A Liberal Communitarian Paradigm for Counterterrorism

By Etzioni, Amitai | Stanford Journal of International Law, Summer 2013 | Go to article overview

A Liberal Communitarian Paradigm for Counterterrorism


Etzioni, Amitai, Stanford Journal of International Law


This paper argues that the current normative and legal paradigms that shape the United States' response to security threats posed by acts of transnational terrorism are misapplied In the international arena, we should downplay states' right to sovereignty in favor of a paradigm that requires nation states not only to protect select common goods including the responsibility to protect (R2P), but also to observe a new duty, namely, not to harbor or support terrorists. With regard to those alleged terrorists who are captured the current paradigm that treats them as criminals should be replaced with one that treats them as a distinct class of defendants, entitled to their own rights and procedures--just as we deal differently with ex-cons, sex offenders, and many other classes of offenders. Finally, those terrorists faced in armed conflicts should be expected to abide by the rule of distinction and, if they violate it, they should bear part of the onus for the resulting collateral damage.

The paradigms most often employed in conceptualizing and legitimating counterterrorism campaigns--the paradigms of war among nations and of law enforcement--are ill-suited to meet new realities. (1) The considerable policy mistakes, misjudgments, and above all, morally flawed positions that are caused by the misapplication of these concepts, point to a need for a distinct normative and legal paradigm for dealing with transnational terrorism. This Article focuses on the normative assumptions of such a paradigm, which have clear legal parallels. Further, this Article seeks to develop this distinct paradigm by situating it in ongoing transnational moral dialogues on the just and effective ways to combat terrorism. (2) This distinct paradigm would benefit if it were consolidated into a new Geneva Convention in the future.

I. INTRODUCTION

II.  RIGHTS AND RESPONSIBILITIES OF NATIONS

     A. A Stressed Paradigm
        1. Respect for Borders: "Declared Theaters of War"
        2. Misapplied Rules of War

     B. Toward a New Paradigm
        1. Defining Down Sovereignty
        2. Sovereignty as Conditional
        3. A Third Responsibility

III. TERRORISTS AS ABUSIVE CITIZENS: CAPTURED AND NOT KILLED

     A. The Misapplication of the Civil Society Paradigm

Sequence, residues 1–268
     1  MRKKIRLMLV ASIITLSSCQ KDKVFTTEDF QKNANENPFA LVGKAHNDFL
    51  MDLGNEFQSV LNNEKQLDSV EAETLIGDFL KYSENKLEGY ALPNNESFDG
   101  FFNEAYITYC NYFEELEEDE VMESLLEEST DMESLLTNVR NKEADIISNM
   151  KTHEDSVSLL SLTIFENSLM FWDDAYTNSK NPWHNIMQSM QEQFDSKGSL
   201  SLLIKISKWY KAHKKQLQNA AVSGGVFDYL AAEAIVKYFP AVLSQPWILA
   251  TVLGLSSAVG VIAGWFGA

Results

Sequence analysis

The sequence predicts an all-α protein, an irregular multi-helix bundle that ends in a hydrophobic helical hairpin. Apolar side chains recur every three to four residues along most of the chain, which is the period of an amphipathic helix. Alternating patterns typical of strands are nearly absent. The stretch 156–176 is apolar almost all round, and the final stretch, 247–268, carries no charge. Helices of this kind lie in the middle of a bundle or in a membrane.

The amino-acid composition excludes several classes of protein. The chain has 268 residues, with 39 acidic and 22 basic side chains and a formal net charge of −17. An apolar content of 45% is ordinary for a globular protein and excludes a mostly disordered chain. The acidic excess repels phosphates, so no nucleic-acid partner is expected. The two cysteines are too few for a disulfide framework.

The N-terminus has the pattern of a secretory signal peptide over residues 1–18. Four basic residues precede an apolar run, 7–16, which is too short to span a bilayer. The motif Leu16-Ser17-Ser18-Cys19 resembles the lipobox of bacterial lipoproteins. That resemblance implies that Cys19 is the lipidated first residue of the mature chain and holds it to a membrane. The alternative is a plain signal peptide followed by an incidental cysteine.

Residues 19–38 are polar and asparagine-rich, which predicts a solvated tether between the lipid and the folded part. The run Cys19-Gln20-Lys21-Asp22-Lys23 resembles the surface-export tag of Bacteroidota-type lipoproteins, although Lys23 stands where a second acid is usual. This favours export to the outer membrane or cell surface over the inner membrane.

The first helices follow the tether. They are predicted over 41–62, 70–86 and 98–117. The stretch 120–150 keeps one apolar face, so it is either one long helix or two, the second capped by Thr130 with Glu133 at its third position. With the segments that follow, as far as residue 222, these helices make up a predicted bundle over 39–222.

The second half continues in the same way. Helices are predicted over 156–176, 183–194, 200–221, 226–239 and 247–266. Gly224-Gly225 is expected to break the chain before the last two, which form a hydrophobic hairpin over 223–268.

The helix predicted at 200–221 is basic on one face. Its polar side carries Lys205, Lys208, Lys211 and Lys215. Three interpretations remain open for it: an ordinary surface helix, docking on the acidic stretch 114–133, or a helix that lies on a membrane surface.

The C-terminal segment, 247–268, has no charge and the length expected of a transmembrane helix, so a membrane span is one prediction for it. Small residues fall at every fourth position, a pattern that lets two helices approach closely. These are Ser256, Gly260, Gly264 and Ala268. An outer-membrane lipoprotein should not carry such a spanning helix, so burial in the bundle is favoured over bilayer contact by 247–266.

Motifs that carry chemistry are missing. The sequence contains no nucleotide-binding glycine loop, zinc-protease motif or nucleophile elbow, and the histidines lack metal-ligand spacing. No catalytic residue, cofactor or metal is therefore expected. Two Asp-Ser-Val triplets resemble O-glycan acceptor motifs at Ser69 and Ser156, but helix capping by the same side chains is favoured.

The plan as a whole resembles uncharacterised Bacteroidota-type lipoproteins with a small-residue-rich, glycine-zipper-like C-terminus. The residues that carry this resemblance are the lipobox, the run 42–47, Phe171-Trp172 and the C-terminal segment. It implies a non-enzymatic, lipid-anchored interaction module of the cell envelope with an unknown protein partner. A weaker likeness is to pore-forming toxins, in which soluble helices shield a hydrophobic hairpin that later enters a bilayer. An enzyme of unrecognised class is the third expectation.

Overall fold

1. Prosecution Instead of Prevention
        2. Criminal Procedures: Damaging and Undeserved
        3. Distinct Rights for a Distinct Class

     B. Toward a New Paradigm
        1. National Security Board

IV. NORMS AND RULES FOR ARMED CONFLICTS WITH TERRORISTS

     A. The Main Onus of Responsibility for Collateral Damage
        1. No Moral Equivalency and Just War Principle

     B. Boots Off the Ground
        1. Working with Local Forces
        2. The Use of Special Forces
        3. Drones: Major Advantages
        4. Review and Oversight

    C. Armed Conflict Zones and Evacuation Opportunities

V. CONCLUSION

I. INTRODUCTION

The dialogue surrounding the principles that guide the treatment of terrorists is hardly new, although its focus has shifted over the years. In the 1970s, much attention was paid to the ways Britain dealt with terrorists in wake of "the troubles" in Northern Ireland and to the new antiterrorism laws the mother of democracy enacted in response. In the 1980s, considerable attention was paid to the ways Israel dealt with terrorists. In the aftermath of the 2001 attacks on the United States homeland, attention has shifted from terrorists who limit their activities to their nation and "lone wolf" terrorists, such as Timothy McVeigh, to a focus on transnational terrorists and their networks.

The transnational moral dialogue about the issue lost some of its intensity in the decade after 9/11 as terrorist acts in the West were infrequent and often failed, and those that succeeded did not cause massive casualties. In many other parts of the world, however, terrorists continue to pose a major threat. The risk that terrorists will acquire weapons of mass destruction (WMDs) continues to constitute a major security threat. …

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